This post was originally published as a guest post on Fit Is a Feminist Issue on September 30, 2016. Featured photo (above) of me climbing in the North Cascades taken by Tony Lu.
I’ve had some degree of pain almost every day for the past 9 months.
For the first few weeks after I injured my back, I could barely stand, sit or walk. I couldn’t go to work. I couldn’t take care of anything at home.
Before this, I had only experienced minor athletic injuries. A sore knee from hiking too far. An aching finger tendon from pulling too hard on small climbing holds. These all resolved quickly with a little rest.
This time was different. I was warming up doing an unweighted squat in the gym. Then out of nowhere, I felt the spasms of pain shoot through my back. This exercise was usually easy for me. I had learned how to do it safely with a trainer.
I used to hesitate to tell people how my back injury happened. I was embarrassed that I did this to myself in a part of the gym where I often felt like I didn’t belong. I had worked so hard to convince myself that I could take up space among the muscular men, bench pressing and deadlifting what seemed like so much more weight than me.
And it made no sense how such an easy movement could have caused so much destruction.
I now know that I was overtraining. That one squat probably wasn’t to blame. I was exercising too hard, too often and my body had broken down.
My goal had been to get stronger to keep up with others on climbing and mountaineering trips.
My favourite sports involve carrying a lot of stuff uphill for long distances. This poses some unique challenges for petite people, such as myself.
All the gear all adds up quickly: a warm sleeping bag, a down jacket and rain coat, food, water, climbing harness, crampons, ice axe.
On one long trip, my backpack weighed just over 40 pounds. At 35% of my body weight, I was carrying what many consider the upper limit for a well-conditioned hiker. This meant I relied on other people to carry all the gear shared by our group, like a tent and climbing rope.
Distributing gear proportionally according to a person’s size is fair and a widely accepted practice.
However, it always bothered me to be the smallest person who carried the least. I also often worried that I’d be the slowest person who held everyone back. Being one of the only women on some trips meant I felt even more sensitive to any physical differences.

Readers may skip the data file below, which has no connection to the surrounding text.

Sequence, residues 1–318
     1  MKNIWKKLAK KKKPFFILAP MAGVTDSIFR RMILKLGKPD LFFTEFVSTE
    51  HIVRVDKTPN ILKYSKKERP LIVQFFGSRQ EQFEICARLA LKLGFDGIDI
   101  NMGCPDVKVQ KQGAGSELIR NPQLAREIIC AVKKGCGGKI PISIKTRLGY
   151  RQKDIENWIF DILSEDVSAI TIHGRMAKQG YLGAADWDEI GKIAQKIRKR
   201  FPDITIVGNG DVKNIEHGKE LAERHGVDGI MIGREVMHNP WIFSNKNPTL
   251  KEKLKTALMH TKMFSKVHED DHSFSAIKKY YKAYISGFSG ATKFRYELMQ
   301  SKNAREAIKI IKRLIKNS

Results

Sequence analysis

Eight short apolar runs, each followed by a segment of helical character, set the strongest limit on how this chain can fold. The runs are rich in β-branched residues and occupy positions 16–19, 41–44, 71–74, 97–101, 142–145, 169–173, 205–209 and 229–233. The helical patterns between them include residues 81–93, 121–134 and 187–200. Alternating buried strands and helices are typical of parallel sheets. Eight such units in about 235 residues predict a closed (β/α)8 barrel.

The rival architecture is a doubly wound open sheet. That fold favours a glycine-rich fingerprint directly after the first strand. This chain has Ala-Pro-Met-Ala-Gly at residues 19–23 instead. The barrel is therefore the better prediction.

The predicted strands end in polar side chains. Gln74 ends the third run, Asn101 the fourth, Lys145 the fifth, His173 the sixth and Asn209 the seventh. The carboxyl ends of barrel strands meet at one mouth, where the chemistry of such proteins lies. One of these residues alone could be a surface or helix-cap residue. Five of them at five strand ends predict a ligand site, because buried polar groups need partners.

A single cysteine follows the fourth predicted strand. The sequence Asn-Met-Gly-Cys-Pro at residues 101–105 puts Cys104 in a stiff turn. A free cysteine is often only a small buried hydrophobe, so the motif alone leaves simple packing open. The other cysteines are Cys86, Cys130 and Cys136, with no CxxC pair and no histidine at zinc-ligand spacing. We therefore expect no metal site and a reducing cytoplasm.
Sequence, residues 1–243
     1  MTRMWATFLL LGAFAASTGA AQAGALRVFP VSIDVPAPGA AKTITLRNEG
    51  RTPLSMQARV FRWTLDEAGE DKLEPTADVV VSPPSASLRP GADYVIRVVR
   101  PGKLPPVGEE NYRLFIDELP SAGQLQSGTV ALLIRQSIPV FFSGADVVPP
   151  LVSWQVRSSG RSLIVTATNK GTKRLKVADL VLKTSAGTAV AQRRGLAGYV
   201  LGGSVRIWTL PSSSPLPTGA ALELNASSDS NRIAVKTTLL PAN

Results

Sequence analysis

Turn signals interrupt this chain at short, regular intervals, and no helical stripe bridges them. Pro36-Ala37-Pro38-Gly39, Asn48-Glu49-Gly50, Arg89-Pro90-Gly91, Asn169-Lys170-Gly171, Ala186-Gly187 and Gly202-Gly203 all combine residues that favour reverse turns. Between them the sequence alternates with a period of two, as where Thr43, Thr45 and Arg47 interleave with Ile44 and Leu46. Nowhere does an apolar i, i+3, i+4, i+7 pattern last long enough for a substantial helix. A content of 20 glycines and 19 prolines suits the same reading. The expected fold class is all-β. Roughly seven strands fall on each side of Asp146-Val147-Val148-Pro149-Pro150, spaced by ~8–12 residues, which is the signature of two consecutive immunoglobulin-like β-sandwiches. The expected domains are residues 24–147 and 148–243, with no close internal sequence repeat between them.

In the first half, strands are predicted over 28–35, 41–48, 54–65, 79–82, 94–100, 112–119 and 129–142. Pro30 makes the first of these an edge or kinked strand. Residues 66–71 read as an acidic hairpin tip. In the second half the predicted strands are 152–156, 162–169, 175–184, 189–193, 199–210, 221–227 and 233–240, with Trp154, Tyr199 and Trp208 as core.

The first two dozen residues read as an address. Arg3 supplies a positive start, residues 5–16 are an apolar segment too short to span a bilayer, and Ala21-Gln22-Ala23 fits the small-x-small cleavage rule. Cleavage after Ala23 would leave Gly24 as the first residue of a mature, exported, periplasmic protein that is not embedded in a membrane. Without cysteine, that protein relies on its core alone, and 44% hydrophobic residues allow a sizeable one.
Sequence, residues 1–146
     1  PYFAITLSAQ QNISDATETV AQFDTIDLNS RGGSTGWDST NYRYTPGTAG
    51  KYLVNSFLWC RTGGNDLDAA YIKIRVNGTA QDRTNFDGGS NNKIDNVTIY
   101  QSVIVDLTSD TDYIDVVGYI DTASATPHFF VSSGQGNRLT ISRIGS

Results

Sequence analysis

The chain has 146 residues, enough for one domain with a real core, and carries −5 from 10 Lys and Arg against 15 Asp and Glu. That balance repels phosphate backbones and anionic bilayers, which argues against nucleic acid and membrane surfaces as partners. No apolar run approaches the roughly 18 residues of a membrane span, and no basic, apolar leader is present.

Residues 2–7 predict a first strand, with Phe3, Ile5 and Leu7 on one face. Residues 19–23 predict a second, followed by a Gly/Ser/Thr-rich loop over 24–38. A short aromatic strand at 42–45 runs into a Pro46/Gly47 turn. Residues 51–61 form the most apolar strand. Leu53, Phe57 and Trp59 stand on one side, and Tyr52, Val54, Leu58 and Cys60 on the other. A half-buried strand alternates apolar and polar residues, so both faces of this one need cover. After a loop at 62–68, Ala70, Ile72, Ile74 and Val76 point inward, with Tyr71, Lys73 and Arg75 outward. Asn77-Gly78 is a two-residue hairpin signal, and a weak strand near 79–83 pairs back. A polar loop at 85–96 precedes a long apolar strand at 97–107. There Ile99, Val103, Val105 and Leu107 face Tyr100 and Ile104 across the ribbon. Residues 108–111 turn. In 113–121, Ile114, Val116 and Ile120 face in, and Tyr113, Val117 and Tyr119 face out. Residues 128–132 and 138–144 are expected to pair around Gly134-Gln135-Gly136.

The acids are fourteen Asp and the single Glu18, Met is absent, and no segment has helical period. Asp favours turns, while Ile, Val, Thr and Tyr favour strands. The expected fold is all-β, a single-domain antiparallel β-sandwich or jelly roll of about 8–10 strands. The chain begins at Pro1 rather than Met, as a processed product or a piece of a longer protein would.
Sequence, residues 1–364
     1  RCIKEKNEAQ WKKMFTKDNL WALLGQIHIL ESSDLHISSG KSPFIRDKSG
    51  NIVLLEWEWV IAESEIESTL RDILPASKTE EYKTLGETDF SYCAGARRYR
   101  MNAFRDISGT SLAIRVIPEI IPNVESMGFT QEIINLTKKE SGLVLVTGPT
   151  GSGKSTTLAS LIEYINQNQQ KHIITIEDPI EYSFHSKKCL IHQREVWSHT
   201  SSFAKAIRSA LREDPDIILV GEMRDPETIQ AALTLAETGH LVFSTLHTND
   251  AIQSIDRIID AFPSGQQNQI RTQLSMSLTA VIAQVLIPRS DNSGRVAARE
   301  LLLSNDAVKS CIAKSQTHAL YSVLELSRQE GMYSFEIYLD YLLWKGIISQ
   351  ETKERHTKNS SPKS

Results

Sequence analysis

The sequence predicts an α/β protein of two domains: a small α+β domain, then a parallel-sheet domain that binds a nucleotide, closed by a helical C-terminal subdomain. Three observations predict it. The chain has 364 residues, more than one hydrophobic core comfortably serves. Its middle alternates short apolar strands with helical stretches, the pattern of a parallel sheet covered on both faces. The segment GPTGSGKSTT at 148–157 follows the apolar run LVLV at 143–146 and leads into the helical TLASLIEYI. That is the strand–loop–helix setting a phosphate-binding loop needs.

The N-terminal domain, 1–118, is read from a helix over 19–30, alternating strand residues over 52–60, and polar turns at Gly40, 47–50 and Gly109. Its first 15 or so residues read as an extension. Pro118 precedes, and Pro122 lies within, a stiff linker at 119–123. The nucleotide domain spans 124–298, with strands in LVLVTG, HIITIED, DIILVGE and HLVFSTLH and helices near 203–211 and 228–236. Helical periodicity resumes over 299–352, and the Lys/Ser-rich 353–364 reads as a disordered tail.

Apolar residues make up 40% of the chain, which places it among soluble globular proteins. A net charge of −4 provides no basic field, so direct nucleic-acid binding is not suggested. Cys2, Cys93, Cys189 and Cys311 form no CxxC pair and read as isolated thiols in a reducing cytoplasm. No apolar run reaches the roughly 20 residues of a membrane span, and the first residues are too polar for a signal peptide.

After several months of treatment and physical therapy, my back pain began to decrease.
I slowly began to take up the things I loved again in new and different ways.
Instead of an all-day hike, I went on a short walk to the beach with a friend. Instead of trying to climb the hardest routes, I meandered up some of the easiest walls I could find.
Returning to the backcountry was harder.
Despite training and testing my limits close to home, I was still so afraid of re-injuring myself in the middle of nowhere.
My first trip into the wilderness was on a multi-day canoe trip with my sister. An hour into paddling, I broke down into tears. I was so afraid. We stopped and set up camp at the first spot we found. We carried on that way all week: paddling short distances with long rests. It was not the trip we had planned, but I was grateful just to be out there and for my sister’s patience.
The following month, I spent time in the wilderness again on a week-long trip in the mountains. While my friends hiked and climbed, I earned the nickname “Base Camp Babe.” I spent a lot of time reading books, swimming, napping and enjoying the beautiful alpine views. As the week went on, I ventured out on increasingly more adventurous hikes and climbs too.
This injury has forced me to deal with my fear of being the slowest and smallest person in the group.
This year, I’ve had to turn around before reaching the summit far more times than I’ve made it to any desired destination. My friends carry even more of the gear than before. I often have had to lay down for long rests in inconvenient (but beautiful) spaces.
What’s surprised me the most is that despite being up front about my limitations, people still want to climb and hike with me. People whose company I enjoy and judgement I trust. My climbing network has continued to expand and become more diverse, especially in terms of gender and age.
While I am never going to carry a 70-pound pack up a mountain, I have other things going for me. Things like an eagerness to explore new areas, technical climbing skills and knowledge of local areas. I need to work on my limitations while focusing on my strengths.
For the most part, we are roughly stuck with the bodies we are born with. I’ve learned that trying to overcome my fears and challenges by trying to change my body is not going to work.